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Mohinder Singh and anr. Vs. Kashmira Singh - Court Judgment

LegalCrystal Citation
SubjectFamily;Property
CourtPunjab and Haryana High Court
Decided On
Case NumberCivil Regular Second Appeal No. 1484 of 1974
Judge
Reported inAIR1985P& H215
ActsLimitation Act, 1963 - Schedule - Article 65
AppellantMohinder Singh and anr.
RespondentKashmira Singh
Cases ReferredNaginder Singh v. Chanand Singh
Excerpt:
.....parties concerned acquire knowledge of passing of the said order. - the issues of limitation as well as of adverse possession were also decided against the appellants. it is well established principle of law that inheritance does not remain in abeyance and the heirs after the death of the last male holder succeed to the property of the deceased in accordance with law, kashmira singh, being the son of niranjan singh deceased, was entitled to 1/3rd share in the land in dispute. in that event a suit for possession may have to be filed and on contest the same may fail on the defendant proving that he has perfected his title by adverse possession. in naginder singh's case (1983 cur lj (civ & cri) 432) (supra) that it is well settled that a suit for possession on the ground of inheritance.....prem chand jain, a.c.j.1. is there any period prescribed under the law of limitation for filing a suit for possession on the basis of inheritance, is the question of law involved in this appeal ?2. one niranjan singh died in 1949 leaving behind 309 kanals 1 marla of land and mutation of his inheritance was sanctioned in favour of the appellants on 15th february, 1956, kashmira singh respondent, claiming himself to be the son of niranjan singh from his second wife smt. mohinder kaur, filed a suit for possession of his 1/3 rd share measuring 103 kanals and 1 marla of land on 12th june, 1969. the suit was contested by the appellants inter alia on the grounds that the respondent was not the son of niranjan singh. in the alternative, the appellants claimed absolute title by prescription. they.....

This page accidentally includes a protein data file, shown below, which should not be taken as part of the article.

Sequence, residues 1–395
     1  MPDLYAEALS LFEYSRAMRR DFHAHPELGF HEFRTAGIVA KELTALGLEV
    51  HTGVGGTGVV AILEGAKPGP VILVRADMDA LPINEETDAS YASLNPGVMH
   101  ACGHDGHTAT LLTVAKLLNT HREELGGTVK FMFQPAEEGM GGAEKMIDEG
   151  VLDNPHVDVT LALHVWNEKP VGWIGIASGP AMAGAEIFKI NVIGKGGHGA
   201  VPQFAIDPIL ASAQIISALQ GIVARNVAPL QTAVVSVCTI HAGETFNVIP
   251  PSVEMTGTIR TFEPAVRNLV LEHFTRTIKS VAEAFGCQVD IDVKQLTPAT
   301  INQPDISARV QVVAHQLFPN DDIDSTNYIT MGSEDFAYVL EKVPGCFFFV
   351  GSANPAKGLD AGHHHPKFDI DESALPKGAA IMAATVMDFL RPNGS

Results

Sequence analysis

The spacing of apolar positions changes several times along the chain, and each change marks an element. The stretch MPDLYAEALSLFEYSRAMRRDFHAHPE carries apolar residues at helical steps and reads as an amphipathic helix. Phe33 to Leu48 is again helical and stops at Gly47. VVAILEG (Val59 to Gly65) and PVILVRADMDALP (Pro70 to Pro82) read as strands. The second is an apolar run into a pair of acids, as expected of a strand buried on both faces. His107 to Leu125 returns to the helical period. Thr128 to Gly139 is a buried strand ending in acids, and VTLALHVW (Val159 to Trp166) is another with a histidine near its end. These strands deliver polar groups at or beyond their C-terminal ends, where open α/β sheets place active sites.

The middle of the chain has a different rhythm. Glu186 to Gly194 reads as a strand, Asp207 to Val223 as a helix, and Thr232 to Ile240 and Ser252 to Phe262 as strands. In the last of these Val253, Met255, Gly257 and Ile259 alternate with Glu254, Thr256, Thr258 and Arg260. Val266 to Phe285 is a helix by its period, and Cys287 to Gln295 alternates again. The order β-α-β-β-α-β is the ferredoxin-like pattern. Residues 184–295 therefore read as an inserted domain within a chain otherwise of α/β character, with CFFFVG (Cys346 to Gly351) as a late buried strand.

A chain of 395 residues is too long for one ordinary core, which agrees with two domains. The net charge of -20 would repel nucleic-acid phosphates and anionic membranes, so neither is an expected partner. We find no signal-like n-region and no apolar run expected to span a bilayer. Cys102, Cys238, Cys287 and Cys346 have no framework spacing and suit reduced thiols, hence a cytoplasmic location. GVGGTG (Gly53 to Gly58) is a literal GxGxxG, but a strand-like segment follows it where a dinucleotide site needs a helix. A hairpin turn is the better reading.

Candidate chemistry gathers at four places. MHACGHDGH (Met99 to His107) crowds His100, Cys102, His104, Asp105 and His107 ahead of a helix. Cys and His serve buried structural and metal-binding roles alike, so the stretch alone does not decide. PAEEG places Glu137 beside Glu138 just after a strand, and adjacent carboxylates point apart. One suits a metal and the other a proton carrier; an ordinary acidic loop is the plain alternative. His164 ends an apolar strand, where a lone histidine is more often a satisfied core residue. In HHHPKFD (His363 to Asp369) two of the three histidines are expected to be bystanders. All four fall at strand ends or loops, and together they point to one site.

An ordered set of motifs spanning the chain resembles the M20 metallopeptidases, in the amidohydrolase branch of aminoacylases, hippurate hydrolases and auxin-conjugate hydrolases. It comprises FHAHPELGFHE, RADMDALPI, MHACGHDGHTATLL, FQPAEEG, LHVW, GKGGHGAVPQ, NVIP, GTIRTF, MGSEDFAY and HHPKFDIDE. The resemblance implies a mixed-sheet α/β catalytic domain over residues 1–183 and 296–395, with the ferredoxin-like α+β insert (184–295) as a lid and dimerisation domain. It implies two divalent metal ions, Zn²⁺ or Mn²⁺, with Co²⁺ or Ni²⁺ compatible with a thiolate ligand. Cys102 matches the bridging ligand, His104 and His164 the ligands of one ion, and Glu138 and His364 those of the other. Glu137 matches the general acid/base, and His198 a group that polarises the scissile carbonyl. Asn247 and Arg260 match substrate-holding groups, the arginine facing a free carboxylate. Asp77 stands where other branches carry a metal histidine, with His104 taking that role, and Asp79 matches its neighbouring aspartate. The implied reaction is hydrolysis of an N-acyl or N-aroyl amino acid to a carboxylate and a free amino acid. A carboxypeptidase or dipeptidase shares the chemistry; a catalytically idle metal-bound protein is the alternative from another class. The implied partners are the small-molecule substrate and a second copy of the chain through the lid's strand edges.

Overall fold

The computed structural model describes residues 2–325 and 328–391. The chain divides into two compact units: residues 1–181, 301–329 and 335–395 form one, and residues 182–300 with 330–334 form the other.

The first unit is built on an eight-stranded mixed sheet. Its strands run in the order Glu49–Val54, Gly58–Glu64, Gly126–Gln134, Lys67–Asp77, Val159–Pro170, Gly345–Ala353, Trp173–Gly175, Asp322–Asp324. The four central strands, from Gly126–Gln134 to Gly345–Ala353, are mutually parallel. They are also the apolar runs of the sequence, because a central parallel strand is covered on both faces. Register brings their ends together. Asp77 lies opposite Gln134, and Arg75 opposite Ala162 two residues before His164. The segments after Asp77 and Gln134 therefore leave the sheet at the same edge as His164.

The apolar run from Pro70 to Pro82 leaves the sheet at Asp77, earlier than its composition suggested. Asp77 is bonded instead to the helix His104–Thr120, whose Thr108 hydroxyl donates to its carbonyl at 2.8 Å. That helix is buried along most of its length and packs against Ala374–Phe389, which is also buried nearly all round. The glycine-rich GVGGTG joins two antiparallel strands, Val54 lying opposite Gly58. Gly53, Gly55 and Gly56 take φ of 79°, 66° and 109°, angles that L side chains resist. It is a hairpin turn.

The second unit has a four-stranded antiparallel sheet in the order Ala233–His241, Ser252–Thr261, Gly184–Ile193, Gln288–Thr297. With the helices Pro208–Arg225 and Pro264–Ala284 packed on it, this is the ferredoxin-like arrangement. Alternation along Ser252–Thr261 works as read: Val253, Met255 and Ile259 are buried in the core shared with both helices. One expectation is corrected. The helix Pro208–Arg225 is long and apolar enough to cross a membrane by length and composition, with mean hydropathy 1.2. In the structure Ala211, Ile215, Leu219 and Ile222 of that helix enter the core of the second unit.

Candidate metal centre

Judgment:

Prem Chand Jain, A.C.J.

1. Is there any period prescribed under the law of limitation for filing a suit for possession on the basis of inheritance, is the question of law involved in this appeal ?